Taiwan Foreign Minister Joseph Wu welcomes Nancy Pelosi at the Taipei Songshan Airport in Taipei, Taiwan. Reuters
Despite Chinese threats, United States House of Representatives Speaker Nancy Pelosi visited Taiwan. The question everyone is asking whether Pelosi’s visit had served any purpose apart from that of straining US-China bilateral relations. China had made it clear that it does not appreciate the US leader’s Taiwan visit. Chinese President Xi Jingpin told US President Joe Biden during a video call that those who play with fire will perish by fire, an indirect reference to Pelosi’s Taiwan visit. Biden reiterated that the US supported the One-China policy, but it would not allow the change in Taiwan’s status through force. Chinese foreign office spokesperson Zhao Lijian said that Pelosi’s visit to Taiwan would be considered “a gross interference in China’s internal affairs” and that it would lead to “very serious developments and consequences.” He also elaborated the Chinese view in more elaborate terms, verging on a threat. Zhao said, “We would like to tell the United States once again that China is standing by, the Chinese People’s Liberation Army will never sit idly by, and China will take resolute responses and strong countermeasures to defend its sovereignty and territorial integrity.” This was a military ultimatum in so many words. China has always used very strong language when any other country referred to Taiwan, Hong Kong, Tibet, and even Xinjiang. Each of these parts are troublesome and world opinion has been critical of Beijing’s harsh policies in these regions.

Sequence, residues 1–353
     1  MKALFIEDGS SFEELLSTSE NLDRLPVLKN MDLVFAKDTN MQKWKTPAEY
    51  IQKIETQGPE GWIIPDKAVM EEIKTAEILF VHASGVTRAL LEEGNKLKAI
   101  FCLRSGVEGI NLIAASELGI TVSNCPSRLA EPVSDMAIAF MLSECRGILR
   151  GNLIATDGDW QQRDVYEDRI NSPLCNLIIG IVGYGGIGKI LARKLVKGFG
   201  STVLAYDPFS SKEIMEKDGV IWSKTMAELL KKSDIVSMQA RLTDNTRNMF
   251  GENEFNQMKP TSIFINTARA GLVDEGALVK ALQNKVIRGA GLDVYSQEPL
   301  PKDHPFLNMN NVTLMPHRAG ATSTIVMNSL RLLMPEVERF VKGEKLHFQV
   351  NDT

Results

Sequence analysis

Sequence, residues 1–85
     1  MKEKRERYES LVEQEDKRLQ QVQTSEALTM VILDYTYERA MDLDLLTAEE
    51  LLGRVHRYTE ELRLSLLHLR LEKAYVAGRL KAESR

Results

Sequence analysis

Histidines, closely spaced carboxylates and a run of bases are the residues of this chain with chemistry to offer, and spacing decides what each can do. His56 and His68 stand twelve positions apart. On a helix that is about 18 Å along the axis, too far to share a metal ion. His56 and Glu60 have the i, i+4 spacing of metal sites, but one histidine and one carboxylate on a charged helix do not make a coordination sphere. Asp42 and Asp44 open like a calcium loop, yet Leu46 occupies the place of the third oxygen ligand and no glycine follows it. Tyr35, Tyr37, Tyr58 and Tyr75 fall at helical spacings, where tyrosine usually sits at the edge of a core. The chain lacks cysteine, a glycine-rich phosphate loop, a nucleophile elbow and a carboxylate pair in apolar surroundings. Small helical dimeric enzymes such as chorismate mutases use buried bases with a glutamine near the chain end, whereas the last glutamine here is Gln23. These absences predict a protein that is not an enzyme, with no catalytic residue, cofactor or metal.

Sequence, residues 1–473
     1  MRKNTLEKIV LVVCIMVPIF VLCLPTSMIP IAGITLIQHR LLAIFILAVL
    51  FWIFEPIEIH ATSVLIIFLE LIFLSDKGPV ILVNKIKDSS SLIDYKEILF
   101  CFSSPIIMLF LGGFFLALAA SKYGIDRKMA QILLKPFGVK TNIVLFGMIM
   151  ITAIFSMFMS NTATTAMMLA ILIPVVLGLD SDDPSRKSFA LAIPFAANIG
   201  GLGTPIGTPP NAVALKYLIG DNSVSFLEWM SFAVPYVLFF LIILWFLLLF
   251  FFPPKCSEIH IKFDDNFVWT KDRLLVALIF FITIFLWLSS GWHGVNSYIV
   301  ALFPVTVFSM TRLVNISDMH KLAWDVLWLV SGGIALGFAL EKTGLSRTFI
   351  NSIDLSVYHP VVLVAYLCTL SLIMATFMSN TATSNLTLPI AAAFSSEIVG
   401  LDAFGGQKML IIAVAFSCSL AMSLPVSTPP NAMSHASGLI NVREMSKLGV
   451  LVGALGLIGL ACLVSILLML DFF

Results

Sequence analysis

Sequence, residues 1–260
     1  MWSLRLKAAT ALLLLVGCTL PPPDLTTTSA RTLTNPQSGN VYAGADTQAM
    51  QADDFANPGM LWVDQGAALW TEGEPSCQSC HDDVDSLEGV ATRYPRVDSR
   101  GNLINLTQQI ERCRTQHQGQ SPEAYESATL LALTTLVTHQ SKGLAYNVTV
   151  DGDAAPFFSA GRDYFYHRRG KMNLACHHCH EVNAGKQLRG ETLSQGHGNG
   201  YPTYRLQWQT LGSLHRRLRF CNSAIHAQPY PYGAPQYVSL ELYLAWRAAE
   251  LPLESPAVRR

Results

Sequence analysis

The White House dismissed the Chinese warning as mere rhetoric. National Security Council spokesman Nick Kirby said, “It is not uncommon for congressional leaders to travel to Taiwan. We shouldn’t be as a country, we shouldn’t be intimidated by that rhetoric, or those potential actions. This is an important trip for the Speaker to be on and we’re going to do whatever we can to support her.”
Shi Yinhong, an international relations professor at Renmin University in Beijing, sees the articulated positions of both sides as their stated positions, and he thinks they would not go beyond them. That is, China will not attempt a military takeover of Taiwan, and the US would not be sending its military to defend Taiwan. He says, “Unless by accident, I am sure neither side would intentionally take military action that could lead to a majority risk.”
Meanwhile, when Pelosi and her delegation reached Singapore on their first stop, Singapore President Lee Hsien Loong emphasized on Monday the importance of stable US-China relations for the region. For Singapore and other countries in the south-Asian region, China is an important neighbour in economic terms, though these countries look to the US in terms of military protection. American military presence serves as a guarantee against the Chinese, though it is quite unlikely whether China is ever going to use its military force to make a point. A clash between China and the US puts the south-east Asian countries as well as South Korea and Japan in a dilemma. China is a big market for all the countries in east Asia, and Chinese investment is also crucial for Singapore, Malaysia and even South Korea. Though China would want to treat Taiwan as a province of China, Taiwan has built its own international trade relations in its capacity as a sovereign state. And Taiwanese role in China’s economic boom has been crucial.
So, it will be difficult to cut off Taiwan from the rest of the world. It would be unfair then for China to impose conditions on Taiwan and prevent other countries which have ties with Taiwan from visiting the place. The American condition that if the Taiwanese voluntarily merge with China, then there would be no dispute. Of course, Beijing believes it has a right over Taiwan even if the Taiwanese disagree.